Play some games

When I was younger, I’d read a lot of YA books, and I’d keep on wanting to write my own books. Then I read webcomics, and tried to learn to draw. Then it was movies, and standup comedy, and short stories.

For me, consuming any form of art makes me want to produce my own. I’ve been told it was hubris, thinking that I could make better versions of these things —and to a certain extent, it is–, but to me, it’s less a question of “better” than “more to *my* tastes”.

It stands to reason that this dry spell of design coincides with an equivalent dry spell of playing. No game night means that, slowly but surely, gaming is less common. Sure, we used to play over BoardGameArena and Tabletopia, but it sort of fizzled out over time.

Then I got back into it. I started my weekly online game of Arkham Horror LCG again; then a friend bought roll-and-writes and offered to play them over Zoom; then I started playing games with my daughter after she comes back from school.

Inertia is a thing, but so is momentum. A little push puts stuff in motion. After a game of AHLCG, all I can think about is levelling my deck, which makes me think about how cool this card combo could be, and oh, I haven’t played Underwater Cities in forever…

Be it games over Zoom or BGA, with friends or strangers, or even in person with your partner or roommate or kid, or even solo or on an app: starting to enjoy the hobby again might give you the spark.

Get excited!

That friend who bought all of those roll-and-write games? He said “you know, if you were working on a roll-and-write, we could have a weekly playtest night!”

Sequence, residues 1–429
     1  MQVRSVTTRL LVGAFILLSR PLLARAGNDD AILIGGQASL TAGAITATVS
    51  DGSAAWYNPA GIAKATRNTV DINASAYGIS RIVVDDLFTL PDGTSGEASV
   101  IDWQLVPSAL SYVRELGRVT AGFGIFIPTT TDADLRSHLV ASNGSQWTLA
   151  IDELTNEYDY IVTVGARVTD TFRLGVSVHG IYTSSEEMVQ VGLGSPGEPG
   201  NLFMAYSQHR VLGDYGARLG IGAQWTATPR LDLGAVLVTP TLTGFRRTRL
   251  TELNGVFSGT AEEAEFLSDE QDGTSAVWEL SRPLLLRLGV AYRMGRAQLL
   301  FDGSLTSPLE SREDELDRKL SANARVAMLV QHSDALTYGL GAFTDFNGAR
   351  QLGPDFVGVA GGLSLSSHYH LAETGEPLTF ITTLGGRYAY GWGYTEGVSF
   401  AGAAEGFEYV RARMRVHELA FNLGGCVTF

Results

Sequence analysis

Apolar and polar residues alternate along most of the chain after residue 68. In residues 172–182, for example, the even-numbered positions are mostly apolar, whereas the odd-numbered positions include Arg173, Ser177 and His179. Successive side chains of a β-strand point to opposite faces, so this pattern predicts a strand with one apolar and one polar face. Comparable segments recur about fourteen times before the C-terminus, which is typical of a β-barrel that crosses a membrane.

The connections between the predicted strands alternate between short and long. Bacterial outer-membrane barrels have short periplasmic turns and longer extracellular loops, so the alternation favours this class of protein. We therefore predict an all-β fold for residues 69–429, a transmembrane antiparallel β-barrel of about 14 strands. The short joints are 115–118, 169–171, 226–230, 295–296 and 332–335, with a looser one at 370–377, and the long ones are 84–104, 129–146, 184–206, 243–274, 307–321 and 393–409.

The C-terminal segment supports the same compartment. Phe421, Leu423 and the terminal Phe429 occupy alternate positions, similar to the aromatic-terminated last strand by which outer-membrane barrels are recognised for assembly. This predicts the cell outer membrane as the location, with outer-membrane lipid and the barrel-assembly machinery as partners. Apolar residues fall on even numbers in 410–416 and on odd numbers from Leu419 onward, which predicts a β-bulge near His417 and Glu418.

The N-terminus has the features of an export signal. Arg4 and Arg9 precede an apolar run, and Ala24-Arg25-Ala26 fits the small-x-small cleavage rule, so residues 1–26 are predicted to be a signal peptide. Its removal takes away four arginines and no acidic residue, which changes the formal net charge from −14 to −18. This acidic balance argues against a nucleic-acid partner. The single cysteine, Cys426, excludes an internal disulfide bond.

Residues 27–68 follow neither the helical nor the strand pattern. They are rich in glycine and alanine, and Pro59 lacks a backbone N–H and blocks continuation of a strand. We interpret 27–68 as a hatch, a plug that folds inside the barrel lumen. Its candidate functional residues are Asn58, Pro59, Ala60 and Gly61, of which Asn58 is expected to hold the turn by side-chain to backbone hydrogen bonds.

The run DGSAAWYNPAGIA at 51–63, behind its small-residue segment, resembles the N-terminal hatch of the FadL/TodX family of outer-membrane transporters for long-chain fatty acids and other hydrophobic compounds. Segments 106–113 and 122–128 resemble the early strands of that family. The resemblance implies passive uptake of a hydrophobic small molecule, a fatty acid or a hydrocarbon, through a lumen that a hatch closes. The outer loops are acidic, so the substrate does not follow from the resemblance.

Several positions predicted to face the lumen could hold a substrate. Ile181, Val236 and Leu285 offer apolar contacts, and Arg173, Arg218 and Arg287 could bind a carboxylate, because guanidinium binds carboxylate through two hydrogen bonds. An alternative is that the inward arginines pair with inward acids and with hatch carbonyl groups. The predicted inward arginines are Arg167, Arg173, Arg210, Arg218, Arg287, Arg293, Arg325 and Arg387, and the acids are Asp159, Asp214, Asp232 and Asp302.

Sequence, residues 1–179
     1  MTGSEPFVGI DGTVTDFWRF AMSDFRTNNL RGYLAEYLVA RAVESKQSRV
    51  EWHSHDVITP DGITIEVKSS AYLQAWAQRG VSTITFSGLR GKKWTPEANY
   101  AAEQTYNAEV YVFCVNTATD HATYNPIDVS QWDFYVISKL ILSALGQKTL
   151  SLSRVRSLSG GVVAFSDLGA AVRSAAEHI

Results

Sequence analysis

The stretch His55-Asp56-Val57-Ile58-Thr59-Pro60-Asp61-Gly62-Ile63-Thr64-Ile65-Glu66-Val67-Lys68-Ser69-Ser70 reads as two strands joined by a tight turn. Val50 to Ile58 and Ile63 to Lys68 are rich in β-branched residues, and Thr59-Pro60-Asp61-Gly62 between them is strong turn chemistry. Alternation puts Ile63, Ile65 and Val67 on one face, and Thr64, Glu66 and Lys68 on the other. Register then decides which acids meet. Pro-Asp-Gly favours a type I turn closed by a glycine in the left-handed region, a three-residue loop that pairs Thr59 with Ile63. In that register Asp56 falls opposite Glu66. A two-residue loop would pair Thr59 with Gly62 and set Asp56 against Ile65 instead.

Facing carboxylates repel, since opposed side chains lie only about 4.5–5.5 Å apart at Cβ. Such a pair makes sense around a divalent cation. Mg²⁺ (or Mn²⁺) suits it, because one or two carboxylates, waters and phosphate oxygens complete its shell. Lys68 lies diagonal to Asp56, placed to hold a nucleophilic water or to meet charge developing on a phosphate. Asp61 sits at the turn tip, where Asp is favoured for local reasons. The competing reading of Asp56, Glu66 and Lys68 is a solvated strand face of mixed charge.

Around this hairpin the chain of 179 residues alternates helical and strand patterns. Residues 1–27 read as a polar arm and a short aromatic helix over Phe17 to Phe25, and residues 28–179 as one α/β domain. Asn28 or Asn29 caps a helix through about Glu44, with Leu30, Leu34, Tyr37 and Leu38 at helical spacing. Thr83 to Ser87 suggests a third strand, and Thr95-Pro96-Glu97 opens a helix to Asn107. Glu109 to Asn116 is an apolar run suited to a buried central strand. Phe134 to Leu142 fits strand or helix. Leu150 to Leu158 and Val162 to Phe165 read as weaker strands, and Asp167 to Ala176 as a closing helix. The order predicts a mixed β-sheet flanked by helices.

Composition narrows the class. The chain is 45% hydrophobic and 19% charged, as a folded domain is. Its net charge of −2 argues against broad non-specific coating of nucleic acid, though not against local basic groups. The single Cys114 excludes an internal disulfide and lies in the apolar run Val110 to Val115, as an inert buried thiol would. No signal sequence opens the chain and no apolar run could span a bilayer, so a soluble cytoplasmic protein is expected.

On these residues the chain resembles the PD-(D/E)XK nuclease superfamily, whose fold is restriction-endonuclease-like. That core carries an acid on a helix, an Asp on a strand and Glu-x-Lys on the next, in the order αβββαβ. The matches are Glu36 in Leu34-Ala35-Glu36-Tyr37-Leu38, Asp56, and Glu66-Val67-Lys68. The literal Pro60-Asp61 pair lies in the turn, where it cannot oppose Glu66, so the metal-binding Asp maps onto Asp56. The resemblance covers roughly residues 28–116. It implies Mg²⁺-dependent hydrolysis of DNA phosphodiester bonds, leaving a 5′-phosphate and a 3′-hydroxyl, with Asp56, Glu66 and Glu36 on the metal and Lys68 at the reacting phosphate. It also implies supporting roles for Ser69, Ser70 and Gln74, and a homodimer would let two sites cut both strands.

After every new game we’d play, we’d talk about the design, and eventually, we played both Aeon’s End and Troyes Dice back-to-back. “Wouldn’t the Troyes system be a great skeleton for a coop roll-and-write?”, he asked, and, well, we talked about it for an hour and a half.

I find that while playing games brings those sparks, talking about those sparks with others is the kindling that starts the fire. It’s what turns idle ruminating into forward progress, and gets that rolling stone moss-free.

Procrastinate about something else

Even with a good idea that excited me, making that first prototype is such a big hill: without super-momentum, you roll back down all Sisyphus-like.

LPT: If you just cannot seem to get Sisyphus to offer his quest to buy his  freedom -- make sure you actually talked to Bouldy. : HadesTheGame

Then, November arrived, and for the first time in forever, I thought about NaNoWriMo in late October: finally, I could try this writing challenge, use social media for added accountability, and…

Well, having this other, much more daunting task made making the prototype look like the easy way out: isn’t that interesting?

I’m not sure you can reproduce this feeling, but when I had to write 1700 words of a novel, for which I only had a two-line description to go from, I managed to trick my brain into making that prototype and thinking it was procrastination.

Again, this is what worked for me! Please don’t use this blog post as an excuse to not finish a work assignment or a school project!

Schedule a playtest

Here’s a veteran tip:
The best time to prepare a prototype is an hour before the playtest starts.

If you wait for your prototype to be ready before you set a date, it will never happen. If you schedule other people, magically, your prototype will be ready.

livememe.com - 60% Of The Time, It Works Every Time

Momentum might be a thing, but a deadline is another.